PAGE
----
Dr Robert Atkins

Astute creator of the Atkins diet

Robert Coleman Atkins, cardiologist and diet promoter: born Columbus, Ohio 17 October 1930; married 1988 Veronica Luckey; died New York 17 April 2003.

Robert Atkins was the author of some of the world's best-selling slimming and diet books, beginning in 1972 with Dr Atkins' Diet Revolution, subtitled "The High Calorie Way to Stay Thin Forever".

Originally a cardiologist, he gained fame and fortune with his dietary advice, which proscribed bread, rice, pasta, but advocated meat, eggs and cheese, and wasn't against fat. This advice is music to the ears of many fatties though, in reality, it is as hard to stick to as any other diet.

Born in 1930 in Columbus, Ohio, Atkins did his pre-medical degree at the University of Michigan, qualifying on 1951, and his MD degree at Cornell University Medical. He then spent four years training as a cardiologist at Rochester and Columbia University Hospitals and St Luke's Hospital in New York, qualifying as a specialist in 1959. The following year he started in private cardiology practice in New York.

Three years later he began to formalise his low-carbohydrate diet, based, he said, on a series of articles published in the Journal of the American Medical Association. In fact, the basis of his diet has been known for far longer, viz. that it is impossible to metabolise fat properly without some carbohydrate in the diet.

Thus, a diet high in fat but with little or no carbohydrate will not release all its calories. Instead, the fat is partly metabolised, forming ketones, which are excreted in the urine. Ketones contain calories, and so the slimmer is, in effect, losing calories down the lavatory pan. The disadvantage of this is that the dieter often develops worse breath than a meths addict, and high concentrations of ketones for long periods can damage the kidneys.

The recent BBC series Diet Trials compared the Atkins diet with three others: Slimfast, WeightWatchers, and the Rosemary Conley Diet. They were equally effective, except that the Atkins dieters had the highest cholesterol levels at the end of the experiment. Nevertheless, many celebrities are said to swear by the Atkins diet: they include Brad Pitt, Jennifer Aniston and Geri Halliwell.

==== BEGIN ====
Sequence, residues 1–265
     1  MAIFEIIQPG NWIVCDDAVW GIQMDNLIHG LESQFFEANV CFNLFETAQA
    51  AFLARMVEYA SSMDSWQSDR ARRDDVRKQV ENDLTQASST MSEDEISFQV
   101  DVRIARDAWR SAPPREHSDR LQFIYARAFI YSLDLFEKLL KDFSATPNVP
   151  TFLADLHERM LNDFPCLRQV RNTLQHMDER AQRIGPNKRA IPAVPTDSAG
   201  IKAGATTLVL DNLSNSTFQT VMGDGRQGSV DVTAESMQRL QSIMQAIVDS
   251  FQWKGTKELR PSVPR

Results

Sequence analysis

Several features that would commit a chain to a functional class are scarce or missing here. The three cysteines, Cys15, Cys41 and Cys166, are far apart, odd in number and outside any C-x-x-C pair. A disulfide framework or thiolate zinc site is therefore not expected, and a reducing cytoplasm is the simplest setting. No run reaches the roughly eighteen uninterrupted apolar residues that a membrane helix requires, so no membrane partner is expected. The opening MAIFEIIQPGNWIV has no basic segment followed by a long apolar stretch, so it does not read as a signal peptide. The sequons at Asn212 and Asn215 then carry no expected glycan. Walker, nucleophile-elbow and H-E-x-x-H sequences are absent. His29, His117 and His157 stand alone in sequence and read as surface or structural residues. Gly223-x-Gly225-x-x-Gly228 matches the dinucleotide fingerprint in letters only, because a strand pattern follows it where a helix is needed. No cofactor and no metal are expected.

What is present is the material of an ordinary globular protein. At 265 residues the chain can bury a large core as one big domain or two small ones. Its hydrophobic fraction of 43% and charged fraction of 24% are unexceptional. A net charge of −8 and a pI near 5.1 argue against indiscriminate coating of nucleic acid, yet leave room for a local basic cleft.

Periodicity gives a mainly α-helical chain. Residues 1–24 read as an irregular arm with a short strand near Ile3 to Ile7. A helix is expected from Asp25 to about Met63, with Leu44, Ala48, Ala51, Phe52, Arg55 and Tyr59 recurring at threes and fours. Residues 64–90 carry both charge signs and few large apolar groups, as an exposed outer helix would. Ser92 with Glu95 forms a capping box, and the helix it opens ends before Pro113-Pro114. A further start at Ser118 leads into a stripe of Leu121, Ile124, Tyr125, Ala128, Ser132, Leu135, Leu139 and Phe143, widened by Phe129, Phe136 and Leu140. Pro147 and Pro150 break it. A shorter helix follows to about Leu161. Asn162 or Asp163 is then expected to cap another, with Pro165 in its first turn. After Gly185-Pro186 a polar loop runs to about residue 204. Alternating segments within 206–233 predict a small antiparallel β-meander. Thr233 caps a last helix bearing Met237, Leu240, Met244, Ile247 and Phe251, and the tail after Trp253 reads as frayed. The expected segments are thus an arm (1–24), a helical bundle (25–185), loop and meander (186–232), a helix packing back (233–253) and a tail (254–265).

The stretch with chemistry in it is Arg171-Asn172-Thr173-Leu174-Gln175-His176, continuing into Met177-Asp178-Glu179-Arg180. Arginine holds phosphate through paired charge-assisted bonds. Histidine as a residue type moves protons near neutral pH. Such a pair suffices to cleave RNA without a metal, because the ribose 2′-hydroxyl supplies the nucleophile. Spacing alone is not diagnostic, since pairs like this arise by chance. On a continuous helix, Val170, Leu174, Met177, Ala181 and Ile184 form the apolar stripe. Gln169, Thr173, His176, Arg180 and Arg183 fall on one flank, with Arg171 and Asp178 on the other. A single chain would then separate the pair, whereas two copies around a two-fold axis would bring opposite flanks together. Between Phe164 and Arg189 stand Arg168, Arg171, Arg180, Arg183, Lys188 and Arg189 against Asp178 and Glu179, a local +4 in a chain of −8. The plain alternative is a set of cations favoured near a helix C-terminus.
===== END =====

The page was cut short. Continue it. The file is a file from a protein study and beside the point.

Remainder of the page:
In 1977 Atkins jumped on the hypoglycaemia bandwagon, publishing Dr Atkins' Superenergy Diet: the diet revolution answer to fatigue and depression, about the effects of unstable blood sugar, a disease of fashion, and in 1981 Dr Atkins' Nutritional Breakthrough: how to treat your medical condition without drugs, about nutritional treatments for a wide range of diseases, including, it is said, some that doctors hadn't heard of. Three years later he renamed his practice the Atkins Center for Nutritional Medicine.

Thereafter he went further down the road of alternative nutrition, founding Complementary Formulations Inc, later renamed Atkins Nutritionals, and appearing on numerous American talk shows including the Oprah Winfrey Show and Larry King Live. He became a respected figure in the world of quackery.

Popular diets are a matter of fashion, and, three years after Atkins first launched his diet in 1972, it was all but forgotten. In between, the populace have embraced and later rejected the the Mayo Clinic Diet (disowned by the Mayo Clinic), the Scarsdale Diet (which dropped out of use from after its protagonist was shot dead by his mistress), Rosemary Conley's Hip and Thigh Diet, the F-Plan Diet, the Beverley Hills Diet, the Cabbage Soup Diet, and a good few others. Once a diet goes out of fashion it is looked on with aversion and even disgust. Atkins was lucky, or astute, to have been in fashion twice, 20 years apart.

He was to publish several more books: in addition to Dr Atkins' New Diet Revolution (1992, revised and relaunched in 1999) there was, of course, Dr Atkins' Quick and Easy New Diet Revolution Cookbook (1997), Dr Atkins' Vita-Nutrient Solution: nature's answer to drugs (1998) and The Age-Defying Diet Revolution (2000). This prevented ageing but, unfortunately, did not work retrospectively.

Twelve months ago, Atkins suffered a cardiac arrest. He issued a statement averring that this was due to cardiomyopathy, a form of heart disease from which he had suffered for seven years, and that this was not due to diet or blocked arteries but an infection, exacerbated by the high temperatures in New York at the time.

He died after slipping on a pavement and suffering severe head injuries. Doctors operated to remove a blood clot from his brain, but he never regained consciousness.

Later this year, his last book, Atkins for Life, will be published in the UK. It is an unfortunate title for a posthumous publication.

Caroline Richmond

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